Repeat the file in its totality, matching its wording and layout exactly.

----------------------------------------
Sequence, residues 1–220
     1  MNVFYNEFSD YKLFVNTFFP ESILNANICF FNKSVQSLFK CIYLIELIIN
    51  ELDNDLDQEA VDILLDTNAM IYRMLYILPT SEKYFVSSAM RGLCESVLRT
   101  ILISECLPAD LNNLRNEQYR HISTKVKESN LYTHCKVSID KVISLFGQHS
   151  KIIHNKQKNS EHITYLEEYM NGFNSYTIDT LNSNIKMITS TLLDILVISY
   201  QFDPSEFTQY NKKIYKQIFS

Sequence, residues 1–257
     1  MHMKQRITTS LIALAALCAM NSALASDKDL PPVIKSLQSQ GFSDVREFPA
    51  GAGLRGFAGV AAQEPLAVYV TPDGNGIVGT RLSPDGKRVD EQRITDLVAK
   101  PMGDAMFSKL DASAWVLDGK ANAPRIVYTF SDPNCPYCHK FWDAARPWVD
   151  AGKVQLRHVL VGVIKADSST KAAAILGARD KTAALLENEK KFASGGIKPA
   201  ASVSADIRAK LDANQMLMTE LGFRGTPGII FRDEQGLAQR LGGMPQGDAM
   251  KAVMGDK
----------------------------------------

Sequence, residues 1–220
     1  MNVFYNEFSD YKLFVNTFFP ESILNANICF FNKSVQSLFK CIYLIELIIN
    51  ELDNDLDQEA VDILLDTNAM IYRMLYILPT SEKYFVSSAM RGLCESVLRT
   101  ILISECLPAD LNNLRNEQYR HISTKVKESN LYTHCKVSID KVISLFGQHS
   151  KIIHNKQKNS EHITYLEEYM NGFNSYTIDT LNSNIKMITS TLLDILVISY
   201  QFDPSEFTQY NKKIYKQIFS

Sequence, residues 1–257
     1  MHMKQRITTS LIALAALCAM NSALASDKDL PPVIKSLQSQ GFSDVREFPA
    51  GAGLRGFAGV AAQEPLAVYV TPDGNGIVGT RLSPDGKRVD EQRITDLVAK
   101  PMGDAMFSKL DASAWVLDGK ANAPRIVYTF SDPNCPYCHK FWDAARPWVD
   151  AGKVQLRHVL VGVIKADSST KAAAILGARD KTAALLENEK KFASGGIKPA
   201  ASVSADIRAK LDANQMLMTE LGFRGTPGII FRDEQGLAQR LGGMPQGDAM
   251  KAVMGDK